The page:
Standard 2B
  • Students will be able to describe religious groups in colonial America and the role of religion in their communities.
  • Students will be able to explain how Puritanism shaped New England communities and how it changed during the 17th century.

New York State Learning Standards for Social Studies
http://www.nysatl.nysed.gov/standards.html

SS.2C
  • Students will be able to analyze evidence critically and demonstrate an understanding of how circumstances of time and place influence perspective.
  • Students will be able to examine the social/cultural, political, economic, and religious norms and values of Western culture.

SS.3C
  • Students will be able to understand how to develop and use maps and other graphic representations to display geographic issues, problems, and questions.

New York State Learning Standards for the English Language Arts
http://www.nysatl.nysed.gov/standards.html

Standard 1: Language for Information and Understanding
  • Students will be able to listen, speak, read, and write for information and understanding. As listeners and readers, students will collect data, facts, and ideas; discover relationships, concepts, and generalizations; and use knowledge generated from electronically produced texts.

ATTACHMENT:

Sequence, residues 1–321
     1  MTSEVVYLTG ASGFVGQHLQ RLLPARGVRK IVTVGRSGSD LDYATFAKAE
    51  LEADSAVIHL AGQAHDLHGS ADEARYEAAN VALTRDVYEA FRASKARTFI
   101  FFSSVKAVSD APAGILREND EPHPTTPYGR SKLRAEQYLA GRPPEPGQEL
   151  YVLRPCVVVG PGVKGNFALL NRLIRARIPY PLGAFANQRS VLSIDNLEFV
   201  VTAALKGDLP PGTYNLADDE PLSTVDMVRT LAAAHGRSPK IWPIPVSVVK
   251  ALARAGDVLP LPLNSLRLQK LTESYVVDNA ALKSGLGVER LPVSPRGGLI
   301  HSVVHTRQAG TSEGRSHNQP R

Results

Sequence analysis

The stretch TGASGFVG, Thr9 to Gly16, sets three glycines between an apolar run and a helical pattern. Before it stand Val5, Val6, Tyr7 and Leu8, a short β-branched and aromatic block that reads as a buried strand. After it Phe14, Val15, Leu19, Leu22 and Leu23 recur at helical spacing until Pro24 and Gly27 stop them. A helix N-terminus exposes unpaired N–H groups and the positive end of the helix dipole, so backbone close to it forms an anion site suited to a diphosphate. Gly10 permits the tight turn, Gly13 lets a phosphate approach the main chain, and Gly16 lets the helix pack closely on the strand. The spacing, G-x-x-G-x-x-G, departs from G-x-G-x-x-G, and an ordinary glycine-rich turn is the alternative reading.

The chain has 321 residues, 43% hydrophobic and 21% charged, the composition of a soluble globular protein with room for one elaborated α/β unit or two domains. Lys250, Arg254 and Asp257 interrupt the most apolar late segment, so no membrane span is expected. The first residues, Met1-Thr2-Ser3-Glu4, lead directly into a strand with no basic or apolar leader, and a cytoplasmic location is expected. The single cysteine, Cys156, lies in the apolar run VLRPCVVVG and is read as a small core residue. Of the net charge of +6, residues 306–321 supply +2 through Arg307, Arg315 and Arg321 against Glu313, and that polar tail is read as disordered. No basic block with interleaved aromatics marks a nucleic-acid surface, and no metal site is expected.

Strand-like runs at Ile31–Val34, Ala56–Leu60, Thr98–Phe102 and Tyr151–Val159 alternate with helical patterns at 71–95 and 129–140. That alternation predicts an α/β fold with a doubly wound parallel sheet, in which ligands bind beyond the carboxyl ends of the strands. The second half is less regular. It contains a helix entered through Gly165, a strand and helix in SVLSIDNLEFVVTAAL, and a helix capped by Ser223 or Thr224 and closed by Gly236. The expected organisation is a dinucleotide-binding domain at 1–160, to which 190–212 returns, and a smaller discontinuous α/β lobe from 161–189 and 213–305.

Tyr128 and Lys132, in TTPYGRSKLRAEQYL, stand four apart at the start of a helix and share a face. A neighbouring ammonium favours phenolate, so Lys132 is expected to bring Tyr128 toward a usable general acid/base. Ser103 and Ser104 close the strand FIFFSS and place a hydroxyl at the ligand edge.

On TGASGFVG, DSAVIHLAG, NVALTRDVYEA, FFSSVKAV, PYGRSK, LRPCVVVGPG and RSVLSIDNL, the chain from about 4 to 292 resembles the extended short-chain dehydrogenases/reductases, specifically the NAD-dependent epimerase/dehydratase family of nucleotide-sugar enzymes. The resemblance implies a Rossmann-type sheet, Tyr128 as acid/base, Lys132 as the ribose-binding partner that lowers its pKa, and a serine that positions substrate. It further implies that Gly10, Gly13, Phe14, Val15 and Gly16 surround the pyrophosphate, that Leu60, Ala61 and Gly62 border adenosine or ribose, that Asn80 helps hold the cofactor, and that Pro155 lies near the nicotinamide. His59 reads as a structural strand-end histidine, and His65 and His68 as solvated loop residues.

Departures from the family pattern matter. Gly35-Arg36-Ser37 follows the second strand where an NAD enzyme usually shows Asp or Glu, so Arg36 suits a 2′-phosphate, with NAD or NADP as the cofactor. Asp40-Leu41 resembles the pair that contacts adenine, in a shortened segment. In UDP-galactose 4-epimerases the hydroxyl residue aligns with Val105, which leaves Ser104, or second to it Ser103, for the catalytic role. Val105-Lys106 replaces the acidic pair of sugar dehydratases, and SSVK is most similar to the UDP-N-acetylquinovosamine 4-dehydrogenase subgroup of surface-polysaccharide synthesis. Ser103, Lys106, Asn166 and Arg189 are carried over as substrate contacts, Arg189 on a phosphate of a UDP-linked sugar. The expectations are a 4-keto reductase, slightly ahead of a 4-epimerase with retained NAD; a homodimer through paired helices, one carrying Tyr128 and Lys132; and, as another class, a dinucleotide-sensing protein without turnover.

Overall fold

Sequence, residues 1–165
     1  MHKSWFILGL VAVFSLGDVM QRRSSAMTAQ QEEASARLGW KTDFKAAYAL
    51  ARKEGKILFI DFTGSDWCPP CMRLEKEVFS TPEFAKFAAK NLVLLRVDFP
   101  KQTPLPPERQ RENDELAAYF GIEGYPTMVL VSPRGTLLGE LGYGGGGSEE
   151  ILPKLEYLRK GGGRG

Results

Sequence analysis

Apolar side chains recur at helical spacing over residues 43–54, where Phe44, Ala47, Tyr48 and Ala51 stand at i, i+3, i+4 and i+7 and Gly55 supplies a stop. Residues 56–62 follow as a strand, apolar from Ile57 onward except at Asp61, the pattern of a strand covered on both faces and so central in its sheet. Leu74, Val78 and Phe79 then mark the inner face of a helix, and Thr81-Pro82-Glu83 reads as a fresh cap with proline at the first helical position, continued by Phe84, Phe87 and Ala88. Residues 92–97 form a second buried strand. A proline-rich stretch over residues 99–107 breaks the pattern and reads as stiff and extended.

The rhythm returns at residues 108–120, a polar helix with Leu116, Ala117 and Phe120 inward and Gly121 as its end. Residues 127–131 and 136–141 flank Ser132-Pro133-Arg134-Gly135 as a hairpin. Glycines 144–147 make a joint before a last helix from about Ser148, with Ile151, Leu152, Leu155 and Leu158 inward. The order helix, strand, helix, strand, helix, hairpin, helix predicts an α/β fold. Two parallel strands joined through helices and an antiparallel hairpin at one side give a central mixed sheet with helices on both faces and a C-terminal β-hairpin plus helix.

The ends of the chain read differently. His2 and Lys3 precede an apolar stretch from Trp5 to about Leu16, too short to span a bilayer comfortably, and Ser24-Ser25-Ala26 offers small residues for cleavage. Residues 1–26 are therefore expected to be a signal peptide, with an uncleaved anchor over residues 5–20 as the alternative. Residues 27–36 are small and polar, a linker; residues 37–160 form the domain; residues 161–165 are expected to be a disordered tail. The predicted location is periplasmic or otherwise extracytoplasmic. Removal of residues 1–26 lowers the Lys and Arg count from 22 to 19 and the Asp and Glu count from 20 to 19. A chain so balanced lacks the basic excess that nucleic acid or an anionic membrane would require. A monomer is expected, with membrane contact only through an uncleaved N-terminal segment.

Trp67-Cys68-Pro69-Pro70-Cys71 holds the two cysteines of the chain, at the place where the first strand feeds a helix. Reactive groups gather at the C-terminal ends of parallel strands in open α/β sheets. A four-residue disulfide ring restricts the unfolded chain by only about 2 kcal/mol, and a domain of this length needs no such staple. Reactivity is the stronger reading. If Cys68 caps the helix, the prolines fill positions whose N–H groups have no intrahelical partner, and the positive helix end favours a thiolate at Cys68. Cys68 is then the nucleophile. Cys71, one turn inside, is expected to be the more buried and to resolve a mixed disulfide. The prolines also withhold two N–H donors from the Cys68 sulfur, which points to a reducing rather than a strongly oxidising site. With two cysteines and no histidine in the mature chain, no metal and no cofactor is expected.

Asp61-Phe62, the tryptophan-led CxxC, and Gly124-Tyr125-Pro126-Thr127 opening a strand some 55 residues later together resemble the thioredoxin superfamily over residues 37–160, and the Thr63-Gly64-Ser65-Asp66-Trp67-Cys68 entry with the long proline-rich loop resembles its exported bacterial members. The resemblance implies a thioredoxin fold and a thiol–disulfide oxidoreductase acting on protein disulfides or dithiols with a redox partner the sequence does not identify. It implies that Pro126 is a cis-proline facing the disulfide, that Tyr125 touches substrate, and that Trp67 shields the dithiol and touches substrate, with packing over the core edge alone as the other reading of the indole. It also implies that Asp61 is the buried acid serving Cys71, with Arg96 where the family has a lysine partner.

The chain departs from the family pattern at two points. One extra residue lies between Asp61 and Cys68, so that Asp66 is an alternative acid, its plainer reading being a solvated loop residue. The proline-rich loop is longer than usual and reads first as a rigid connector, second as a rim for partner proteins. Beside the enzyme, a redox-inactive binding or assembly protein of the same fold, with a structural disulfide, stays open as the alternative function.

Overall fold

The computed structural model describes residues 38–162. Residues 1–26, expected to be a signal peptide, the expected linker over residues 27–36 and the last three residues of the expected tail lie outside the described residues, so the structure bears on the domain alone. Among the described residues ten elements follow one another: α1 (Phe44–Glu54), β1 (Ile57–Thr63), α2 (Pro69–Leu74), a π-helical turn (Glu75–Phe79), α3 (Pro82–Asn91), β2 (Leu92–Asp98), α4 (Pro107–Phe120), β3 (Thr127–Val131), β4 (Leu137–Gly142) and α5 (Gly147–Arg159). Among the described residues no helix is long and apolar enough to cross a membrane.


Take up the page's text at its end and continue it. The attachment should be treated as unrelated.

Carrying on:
National Standards for the English Language Arts
http://www.ncte.org/standards/standards.shtml

Standard 8
  • Students will be able to use a variety of technological and information resources (e.g., libraries, databases, computer networks, video) to gather and synthesize information and to create and communicate knowledge.


Media Components

Web sites:

The Salem Witchcraft Papers
http://etext.lib.virginia.edu/salem/witchcraft/texts/
This Web site is part of a project created by the University of Virginia and containing primary documents and transcriptions, historical maps, and archival collections related to the Salem witch trials. This site contains the painting "The Trial of George Jacobs, August 5, 1692" by T.H. Matteson.

The Salem Witch Trials: The World Behind the Hysteria
http://school.discovery.com/schooladventures/salemwitchtrials/story/story.html
This Web site, created by Discoveryschool.com, contains a 6-minute multimedia movie about the Salem witch trials.

A Village Possessed
http://www.discovery.com/stories/history/witches/map.html
This Web site contains a map that portrays the geography of the witch-hunts.

Secrets of the Dead
http://www.pbs.org/wnet/secrets/case_salem/interview.html
This PBS Web site contains an interactive map profiling the individuals involved in the witch-hunts and provides a timeline tracing the events.

Plug-ins:

Discovery School
http://school.discovery.com/schooladventures/salemwitchtrials/story/index.html
This site enables you to download the Flash plug-in needed to view the Discovery School presentation.


Materials

Per student:

  • Is There Honor in the Honor Code? sheet
  • Which is a Witch? informational chart
  • Student Profile sheet
Per class:
  • 3 copies of the List of Suspected Cheaters sheet